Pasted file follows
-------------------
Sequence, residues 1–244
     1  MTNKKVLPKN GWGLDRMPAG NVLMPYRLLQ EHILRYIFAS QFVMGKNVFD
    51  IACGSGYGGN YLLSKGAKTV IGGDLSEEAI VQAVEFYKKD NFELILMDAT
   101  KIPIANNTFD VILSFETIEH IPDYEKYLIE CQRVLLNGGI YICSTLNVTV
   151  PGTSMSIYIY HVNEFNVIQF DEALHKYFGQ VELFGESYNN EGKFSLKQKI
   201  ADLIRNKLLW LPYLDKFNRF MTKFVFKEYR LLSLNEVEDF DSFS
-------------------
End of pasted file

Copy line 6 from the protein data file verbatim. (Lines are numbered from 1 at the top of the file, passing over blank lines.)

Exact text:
   201  ADLIRNKLLW LPYLDKFNRF MTKFVFKEYR LLSLNEVEDF DSFS